Uber lobbied officials to drop investigations, used a “kill switch” to thwart regulators and law enforcement and considered exploiting violence against its drivers to gain public sympathy as it aggressively expanded into global markets, according to analysis of a leaked batch of confidential documents.
The International Consortium of Investigative Journalists (ICIJ) scoured more than 124,000 documents – including texts, emails and invoices – to expose the “ethically questionable practices that fuelled the ride-hailing company’s transformation,” according to the Guardian.
The British newspaper first leaked the files and went on to share them with them the ICIJ, a nonprofit global network of investigative reporters.
In a written statement, Uber spokesperson Jill Hazelbaker acknowledged “mistakes” in the past and said CEO Dara Khosrowshahi, hired in 2017, had been “tasked with transforming every aspect of how Uber operates”.
“When we say Uber is a different company today, we mean it literally: 90% of current Uber employees joined after Dara became CEO,” Ms Hazelbaker said.
Founded in 2009, Uber sought to skirt taxi regulations and offer inexpensive transportation via a ride-sharing app, according to the consortium’s repot dubbed the “Uber Files”.
The report reveals the extraordinary lengths that the company undertook to establish itself in nearly 30 countries, becoming one of Silicon Valley’s most familiar exports.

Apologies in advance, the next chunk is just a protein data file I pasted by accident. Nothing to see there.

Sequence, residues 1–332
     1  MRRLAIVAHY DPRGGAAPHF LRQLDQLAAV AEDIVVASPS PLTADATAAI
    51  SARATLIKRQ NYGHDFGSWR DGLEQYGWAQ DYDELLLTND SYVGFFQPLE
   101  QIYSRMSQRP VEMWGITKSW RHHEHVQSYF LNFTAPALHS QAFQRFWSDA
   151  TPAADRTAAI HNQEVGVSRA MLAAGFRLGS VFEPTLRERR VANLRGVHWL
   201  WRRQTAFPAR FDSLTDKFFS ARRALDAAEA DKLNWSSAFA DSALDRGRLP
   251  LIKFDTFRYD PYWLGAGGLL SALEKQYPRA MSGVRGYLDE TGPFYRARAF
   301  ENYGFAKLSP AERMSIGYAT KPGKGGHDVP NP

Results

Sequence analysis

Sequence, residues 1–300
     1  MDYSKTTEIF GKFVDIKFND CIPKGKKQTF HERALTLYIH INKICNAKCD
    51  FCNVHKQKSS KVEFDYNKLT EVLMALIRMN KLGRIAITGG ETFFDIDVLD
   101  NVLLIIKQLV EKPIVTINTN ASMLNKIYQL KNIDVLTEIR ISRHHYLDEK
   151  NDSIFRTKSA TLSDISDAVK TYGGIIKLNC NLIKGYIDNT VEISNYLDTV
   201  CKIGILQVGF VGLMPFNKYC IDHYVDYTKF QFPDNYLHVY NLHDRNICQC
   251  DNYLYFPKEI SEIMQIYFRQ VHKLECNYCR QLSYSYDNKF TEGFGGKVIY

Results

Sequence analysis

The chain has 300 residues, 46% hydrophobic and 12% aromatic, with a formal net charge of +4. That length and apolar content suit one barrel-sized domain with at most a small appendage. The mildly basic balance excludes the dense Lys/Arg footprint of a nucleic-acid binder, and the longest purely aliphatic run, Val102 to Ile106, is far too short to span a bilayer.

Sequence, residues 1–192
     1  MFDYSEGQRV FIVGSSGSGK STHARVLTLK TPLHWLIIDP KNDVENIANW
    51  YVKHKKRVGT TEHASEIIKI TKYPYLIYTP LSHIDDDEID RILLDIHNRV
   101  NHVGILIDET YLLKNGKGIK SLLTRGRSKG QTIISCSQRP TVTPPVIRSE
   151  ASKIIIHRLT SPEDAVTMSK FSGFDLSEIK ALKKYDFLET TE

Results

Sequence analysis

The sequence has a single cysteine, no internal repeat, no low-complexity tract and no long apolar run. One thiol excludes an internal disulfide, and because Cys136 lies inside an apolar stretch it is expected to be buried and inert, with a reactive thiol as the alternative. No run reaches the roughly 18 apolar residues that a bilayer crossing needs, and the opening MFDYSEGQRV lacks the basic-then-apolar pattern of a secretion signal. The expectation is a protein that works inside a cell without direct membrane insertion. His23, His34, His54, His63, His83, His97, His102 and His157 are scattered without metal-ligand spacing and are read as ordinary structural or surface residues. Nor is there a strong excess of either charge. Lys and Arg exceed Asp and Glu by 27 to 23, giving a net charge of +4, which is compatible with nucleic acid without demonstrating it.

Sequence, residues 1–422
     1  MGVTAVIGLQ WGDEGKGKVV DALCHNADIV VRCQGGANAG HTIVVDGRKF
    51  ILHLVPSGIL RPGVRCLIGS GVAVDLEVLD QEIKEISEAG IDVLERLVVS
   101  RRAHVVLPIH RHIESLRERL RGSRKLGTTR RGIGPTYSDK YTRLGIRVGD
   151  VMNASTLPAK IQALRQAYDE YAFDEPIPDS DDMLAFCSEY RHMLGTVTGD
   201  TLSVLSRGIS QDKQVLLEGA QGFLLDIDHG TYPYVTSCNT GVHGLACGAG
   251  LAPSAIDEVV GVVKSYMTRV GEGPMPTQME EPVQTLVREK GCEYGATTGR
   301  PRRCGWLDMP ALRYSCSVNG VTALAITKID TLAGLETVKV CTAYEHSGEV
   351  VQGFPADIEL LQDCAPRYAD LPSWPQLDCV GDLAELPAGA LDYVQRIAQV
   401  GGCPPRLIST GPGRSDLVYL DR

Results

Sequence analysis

The company’s lobbyists – including former aides to President Barack Obama – sought to persuade government officials to drop their investigations into the company, rewrite labour and taxi laws and relax background checks on drivers, the papers show.
The investigation found that Uber used “stealth technology” to fend off government investigations.
The company, for example, used a “kill switch” that cut access to Uber servers and blocked authorities from grabbing evidence during raids in at least six countries.
The Uber Files team reported that during a police raid in Amsterdam former Uber CEO Travis Kalanick personally issued an order: “Please hit the kill switch ASAP … Access must be shut down in AMS (Amsterdam).”
Mr Kalanick saw the threat of violence against Uber drivers in France by aggrieved taxi drivers as a way to gain public support, according to the consortium. “Violence guarantee(s) success,” Mr Kalanick texted colleagues.
Responding to the investigation, a spokesman for Mr Kalanick, Devon Spurgeon, said the former CEO “never suggested that Uber should take advantage of violence at the expense of driver safety”.
The tech giant was also able to cut its tax bill by millions of dollars by sending profits through Bermuda and other tax havens, then “sought to deflect attention from its tax liabilities by helping authorities collect taxes from its drivers”, the reporting team said.
Guardian journalists claim then French economy minister Emmanuel Macron, now French President, went to “extraordinary lengths” to help Uber disrupt France’s closed-shop taxi industry.
In a statement, the Élysée said Mr Macron’s ministerial duties at the time “naturally led him to meet and interact with many companies engaged in the sharp shift which came out during those years in the service sector”.